Don’t Become A Drowning Statistic
Where Drowning Can Occur
Drowning can happen literally anywhere there is water. Most people associate drowning with being swept down a river or succumbing to the ocean, but your home and backyard can be just as dangerous as the worst riptide. People, especially small children, can drown in a surprisingly small amount of water, even a toilet or bucket, but they are more likely to do so in a bathtub, wading pool, or swimming pool.
Although it is generally assumed that children under ten, especially toddlers, are the most likely to drown, it is actually people between the ages of eleven and twenty-five who are usually victims.
Besides home or yard, drowning occurs frequently at be aches, and is also associated with rivers, lakes, and boating.
Keep Everyone Safe At Home
If you have small children, never leave water in a bathtub or other container. A toddler can get into trouble while the parents are distracted talking on the phone or working around the house. The swimming pool should be fenced securely, with the gate locked when no one is using it. A cover should also be put over the pool between uses. Child emergency kits are important to have because unfortunately, no one is guaranteed to be safe during an unexpected emergency.
Despite many safety campaigns, people still insist on going boating without wearing life preservers. If an accident happens when you are in a boat of any kind, the device will keep you afloat even if you have been knocked unconscious. The strongest swimmer will be helpless if they are unconscious.
Besides wearing a floatation device, you should never drink while operating a boat. Alcohol will produce the same effects that will be experienced while you are driving, and many boating accidents are caused because the ‘captain’ is drunk.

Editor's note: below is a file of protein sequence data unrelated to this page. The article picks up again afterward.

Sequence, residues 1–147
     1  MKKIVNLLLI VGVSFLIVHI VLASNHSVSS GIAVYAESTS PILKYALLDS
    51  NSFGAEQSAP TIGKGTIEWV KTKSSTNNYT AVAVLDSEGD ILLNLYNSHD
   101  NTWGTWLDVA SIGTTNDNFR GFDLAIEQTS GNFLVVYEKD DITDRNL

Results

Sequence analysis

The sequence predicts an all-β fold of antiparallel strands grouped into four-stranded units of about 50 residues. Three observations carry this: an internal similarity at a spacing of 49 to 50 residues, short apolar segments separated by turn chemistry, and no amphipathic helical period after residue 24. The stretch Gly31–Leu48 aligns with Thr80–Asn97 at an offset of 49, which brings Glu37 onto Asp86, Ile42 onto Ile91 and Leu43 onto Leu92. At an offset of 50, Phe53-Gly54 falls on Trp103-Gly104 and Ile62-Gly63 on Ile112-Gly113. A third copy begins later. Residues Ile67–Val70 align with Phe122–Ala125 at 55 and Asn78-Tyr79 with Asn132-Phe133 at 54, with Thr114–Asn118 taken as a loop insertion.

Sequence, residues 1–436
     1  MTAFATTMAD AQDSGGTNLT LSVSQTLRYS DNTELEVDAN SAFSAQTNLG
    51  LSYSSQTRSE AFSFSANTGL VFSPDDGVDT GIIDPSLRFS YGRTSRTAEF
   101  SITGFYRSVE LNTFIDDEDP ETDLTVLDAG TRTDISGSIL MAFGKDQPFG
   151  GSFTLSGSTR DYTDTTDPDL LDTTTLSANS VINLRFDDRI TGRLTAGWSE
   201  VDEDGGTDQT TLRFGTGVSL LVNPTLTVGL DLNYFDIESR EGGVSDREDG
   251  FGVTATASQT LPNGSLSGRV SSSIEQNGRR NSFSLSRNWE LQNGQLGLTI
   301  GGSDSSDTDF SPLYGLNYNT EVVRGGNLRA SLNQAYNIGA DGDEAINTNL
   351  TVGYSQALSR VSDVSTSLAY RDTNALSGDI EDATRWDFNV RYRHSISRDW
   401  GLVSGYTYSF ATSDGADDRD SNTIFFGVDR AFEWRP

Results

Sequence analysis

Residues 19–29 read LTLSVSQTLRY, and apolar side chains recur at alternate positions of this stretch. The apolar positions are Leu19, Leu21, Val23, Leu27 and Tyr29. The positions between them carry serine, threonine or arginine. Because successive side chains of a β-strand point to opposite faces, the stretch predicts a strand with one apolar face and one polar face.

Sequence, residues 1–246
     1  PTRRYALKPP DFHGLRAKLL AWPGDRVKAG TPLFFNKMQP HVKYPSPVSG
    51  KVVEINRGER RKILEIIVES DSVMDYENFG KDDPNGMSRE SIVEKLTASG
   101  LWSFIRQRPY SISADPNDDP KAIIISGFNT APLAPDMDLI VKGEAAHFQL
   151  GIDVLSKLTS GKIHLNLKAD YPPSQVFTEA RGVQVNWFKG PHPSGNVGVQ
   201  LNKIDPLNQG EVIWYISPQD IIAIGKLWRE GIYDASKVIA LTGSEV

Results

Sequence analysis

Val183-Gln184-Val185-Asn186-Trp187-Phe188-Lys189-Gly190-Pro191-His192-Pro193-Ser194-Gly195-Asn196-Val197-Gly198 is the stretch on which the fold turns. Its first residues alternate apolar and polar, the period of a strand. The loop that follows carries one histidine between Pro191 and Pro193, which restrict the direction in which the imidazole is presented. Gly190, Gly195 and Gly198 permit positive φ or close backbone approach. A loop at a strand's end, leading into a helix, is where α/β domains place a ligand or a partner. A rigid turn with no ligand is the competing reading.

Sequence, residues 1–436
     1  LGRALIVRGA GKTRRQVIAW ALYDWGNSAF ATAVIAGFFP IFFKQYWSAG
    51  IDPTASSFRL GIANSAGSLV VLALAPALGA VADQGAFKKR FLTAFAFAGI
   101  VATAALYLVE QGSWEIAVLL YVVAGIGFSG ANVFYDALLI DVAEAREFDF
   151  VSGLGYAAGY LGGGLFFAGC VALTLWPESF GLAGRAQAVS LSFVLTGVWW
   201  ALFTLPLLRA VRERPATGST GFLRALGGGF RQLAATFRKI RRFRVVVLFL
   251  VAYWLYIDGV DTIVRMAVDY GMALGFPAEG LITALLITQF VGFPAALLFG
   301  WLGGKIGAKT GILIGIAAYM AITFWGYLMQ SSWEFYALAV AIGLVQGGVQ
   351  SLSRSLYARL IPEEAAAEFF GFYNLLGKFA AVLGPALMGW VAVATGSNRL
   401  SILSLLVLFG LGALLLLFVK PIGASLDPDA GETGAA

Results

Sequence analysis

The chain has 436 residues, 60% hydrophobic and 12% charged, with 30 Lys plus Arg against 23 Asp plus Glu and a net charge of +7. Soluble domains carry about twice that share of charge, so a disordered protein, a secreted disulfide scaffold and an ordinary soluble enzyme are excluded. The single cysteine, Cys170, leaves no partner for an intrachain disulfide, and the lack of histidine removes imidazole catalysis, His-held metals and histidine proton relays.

The Guardian Fanny pack kit is great to have on a boat. It is very light weight and easy to carry while still having the first aid supplies you will need in case something unexpected happens while your far from shore.
Minimize Your Risk
Swimming, boating, and water skiing are fun, so it is not surprising that many people will be attracted to the water during the summer months especially. Although it might seem obvious, make sure everyone who is going in the water or on a boat knows how to swim. A number of people drown simply because they were engaging in a water activity without knowing how to swim.
You should never swim alone. If you get a cramp or are injured, a friend can help to make sure that you will reach the shore. And, even if swimming with a buddy, do not stretch your physical limits. If you tire while far from shore, it can be difficult for you to get to safety again. The farther you go from shore, too, the more likely you are to run afoul of dangerous currents that can sweep you farther out to sea.
Cold water can cause hypothermia, so make sure the water has warmed enough to make swimming safe. Generally, a water temperature of 80 degrees F is required for comfortable and safe swimming.
If you are going boating, let others know how long you plan on being out and when and where you will return. This will allow rescue efforts to be started right away in case of an accident or other trouble.